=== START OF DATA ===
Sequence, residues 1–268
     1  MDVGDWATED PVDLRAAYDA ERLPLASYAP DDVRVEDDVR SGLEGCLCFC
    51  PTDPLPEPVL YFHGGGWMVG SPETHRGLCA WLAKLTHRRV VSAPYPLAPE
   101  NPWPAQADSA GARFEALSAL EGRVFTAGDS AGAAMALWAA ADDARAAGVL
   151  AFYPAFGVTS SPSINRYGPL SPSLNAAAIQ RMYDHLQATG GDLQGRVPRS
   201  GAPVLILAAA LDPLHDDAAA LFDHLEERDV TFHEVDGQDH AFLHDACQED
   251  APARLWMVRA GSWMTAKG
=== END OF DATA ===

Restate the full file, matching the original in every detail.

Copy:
Sequence, residues 1–268
     1  MDVGDWATED PVDLRAAYDA ERLPLASYAP DDVRVEDDVR SGLEGCLCFC
    51  PTDPLPEPVL YFHGGGWMVG SPETHRGLCA WLAKLTHRRV VSAPYPLAPE
   101  NPWPAQADSA GARFEALSAL EGRVFTAGDS AGAAMALWAA ADDARAAGVL
   151  AFYPAFGVTS SPSINRYGPL SPSLNAAAIQ RMYDHLQATG GDLQGRVPRS
   201  GAPVLILAAA LDPLHDDAAA LFDHLEERDV TFHEVDGQDH AFLHDACQED
   251  APARLWMVRA GSWMTAKG